- So basically an expert is a person who can see things that other people can’t see in the same landscape. What I study is how people get there. They’re not born that way. It’s through a process of experience and learning from experience and learning to decode patterns. Accelerated expertise is the process through which that becomes accelerated and basically without getting into too much detail, there are certain mechanisms in the brain that are responsible for the development of expertise and we have tapped into them and we accelerate the rate at which you get to those stages by using our technology
- The brain doesn’t actually have a sense of time. It has a sense of trial and error cycles. It’s actually very similar to deep learning in AI.
- So basically the brain requires cycles of trial and error to get to levels of expertise. It takes about 10,000 for those trial and error cycles to happen by themselves, basically going through life, having things happen, learning from it.You know you’re putting along and then something happens again and you learn from it. If you were to compress time and accelerate the cycles and pack them all into a shorter amount of time you get the same effect
- So and it’s based on a very simple principle, which is the brain does not like to be wrong. So if you do something and it doesn’t work, if you have a mental model that predicts that you’re gonna do something and it doesn’t result in what your brain thought it would result in and you get some feedback that it didn’t work, the brain doesn’t like that.
- Our adaptive unconscious learns 200,000 times faster than our conscious awareness and how you activate your adaptive unconscious is with compressed time. So for example, if you want to learn something in an accelerated fashion, what you do is you do your trial and error cycles really quickly and don’t give yourself time to think. This automatically triggers the part of your brain that’s an autopilot. So it activates the part of your brain that does what you would do automatically, without reflection or without hesitation. That part of your brain is the part that you want to reprogram, especially if you’re an athlete and that you want to retrain and condition. So that part of your brain learns a lot faster than your conscious awareness and probably what’s happening at a preconscious level is you are running millions of cycles at once, you just can’t be aware of it. So everything you’ve ever tried in your whole life is being applied to that problem.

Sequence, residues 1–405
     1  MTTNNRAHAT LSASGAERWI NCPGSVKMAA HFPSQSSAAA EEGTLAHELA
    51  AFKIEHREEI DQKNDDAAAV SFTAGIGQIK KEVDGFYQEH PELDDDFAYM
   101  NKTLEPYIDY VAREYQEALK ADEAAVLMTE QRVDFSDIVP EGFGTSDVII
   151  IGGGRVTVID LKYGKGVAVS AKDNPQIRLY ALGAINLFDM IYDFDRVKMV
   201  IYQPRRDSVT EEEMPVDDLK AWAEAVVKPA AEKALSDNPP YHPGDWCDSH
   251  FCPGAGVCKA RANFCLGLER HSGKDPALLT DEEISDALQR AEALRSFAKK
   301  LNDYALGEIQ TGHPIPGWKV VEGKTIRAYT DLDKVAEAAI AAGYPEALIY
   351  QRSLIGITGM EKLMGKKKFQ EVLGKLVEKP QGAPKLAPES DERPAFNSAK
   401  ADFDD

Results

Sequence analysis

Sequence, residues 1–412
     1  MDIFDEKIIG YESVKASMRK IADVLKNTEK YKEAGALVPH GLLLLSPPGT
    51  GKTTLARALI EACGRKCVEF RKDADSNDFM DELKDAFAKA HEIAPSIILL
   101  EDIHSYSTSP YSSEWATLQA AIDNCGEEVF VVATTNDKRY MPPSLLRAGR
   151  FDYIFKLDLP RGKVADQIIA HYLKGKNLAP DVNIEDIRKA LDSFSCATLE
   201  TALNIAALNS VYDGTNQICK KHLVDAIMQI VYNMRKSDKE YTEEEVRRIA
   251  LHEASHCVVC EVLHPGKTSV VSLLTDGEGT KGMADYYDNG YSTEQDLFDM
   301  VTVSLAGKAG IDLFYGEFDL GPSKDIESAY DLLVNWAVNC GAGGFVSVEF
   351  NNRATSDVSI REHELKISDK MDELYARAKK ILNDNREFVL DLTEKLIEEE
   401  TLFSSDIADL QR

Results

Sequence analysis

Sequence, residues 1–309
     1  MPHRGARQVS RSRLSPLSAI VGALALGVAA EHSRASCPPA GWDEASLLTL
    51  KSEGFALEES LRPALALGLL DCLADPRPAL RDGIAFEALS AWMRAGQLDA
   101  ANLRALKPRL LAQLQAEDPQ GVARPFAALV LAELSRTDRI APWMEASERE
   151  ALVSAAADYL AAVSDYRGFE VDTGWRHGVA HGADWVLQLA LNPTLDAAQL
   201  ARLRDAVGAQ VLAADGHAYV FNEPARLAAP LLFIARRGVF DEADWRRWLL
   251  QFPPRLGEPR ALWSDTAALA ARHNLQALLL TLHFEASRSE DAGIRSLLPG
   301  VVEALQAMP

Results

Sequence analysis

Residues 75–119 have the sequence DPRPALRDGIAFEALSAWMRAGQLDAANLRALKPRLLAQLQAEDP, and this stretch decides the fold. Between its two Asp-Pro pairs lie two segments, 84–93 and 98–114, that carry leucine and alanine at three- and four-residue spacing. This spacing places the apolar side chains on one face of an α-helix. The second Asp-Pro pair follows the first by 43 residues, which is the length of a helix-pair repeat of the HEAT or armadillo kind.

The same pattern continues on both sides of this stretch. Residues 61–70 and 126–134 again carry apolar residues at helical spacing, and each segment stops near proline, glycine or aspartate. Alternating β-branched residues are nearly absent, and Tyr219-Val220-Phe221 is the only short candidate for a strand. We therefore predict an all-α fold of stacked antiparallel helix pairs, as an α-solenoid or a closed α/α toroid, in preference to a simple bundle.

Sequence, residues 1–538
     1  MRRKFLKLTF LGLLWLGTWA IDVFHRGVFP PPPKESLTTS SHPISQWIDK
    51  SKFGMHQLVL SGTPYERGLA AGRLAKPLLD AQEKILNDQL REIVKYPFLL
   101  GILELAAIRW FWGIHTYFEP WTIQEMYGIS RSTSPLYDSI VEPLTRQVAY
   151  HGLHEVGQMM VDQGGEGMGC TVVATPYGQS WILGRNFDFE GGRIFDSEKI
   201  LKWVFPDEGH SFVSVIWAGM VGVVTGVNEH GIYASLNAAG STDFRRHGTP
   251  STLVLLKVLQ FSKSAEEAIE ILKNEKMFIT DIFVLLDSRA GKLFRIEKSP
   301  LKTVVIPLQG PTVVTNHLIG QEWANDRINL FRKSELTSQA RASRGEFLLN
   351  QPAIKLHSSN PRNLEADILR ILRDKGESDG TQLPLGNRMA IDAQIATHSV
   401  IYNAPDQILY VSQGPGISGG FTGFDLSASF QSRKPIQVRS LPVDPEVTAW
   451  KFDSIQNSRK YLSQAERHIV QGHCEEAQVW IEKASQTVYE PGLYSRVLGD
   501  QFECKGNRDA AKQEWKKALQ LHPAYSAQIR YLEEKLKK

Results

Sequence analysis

- We say, “Okay, from nine to five today, we’re gonna drive ourselves crazy and try everything we can as fast as we can to get the goal and not worry about whether or not we’re right. We’re gonna try every wild ass thing we can thinking of.”
- With 16 hours of doing in a rehearsal virtual environment and getting all the data, you can be pretty confident that it’s gonna work in real life and it does. You do change what you’re gonna do at the end. You learn enough to know that what you thought was gonna work isn’t gonna work and you come up with a better solution.
- They think they have to know the answer rather than admitting they don’t know and asking themselves what they have to do to find out the answer.
- As a scientist you can’t have fun having all the answer. Then you’re not a good scientist anyway. It’s much more fun to be in love with the question.
- So each person’s brain has more computing power than all the computers in the world. Every idiot is smarter or has more going on than all the computers in the world
I mean I feel like I was born to be what it do and every time I had an opportunity to jump a couple steps on the path I just did it.
- Make mistakes, lots of them.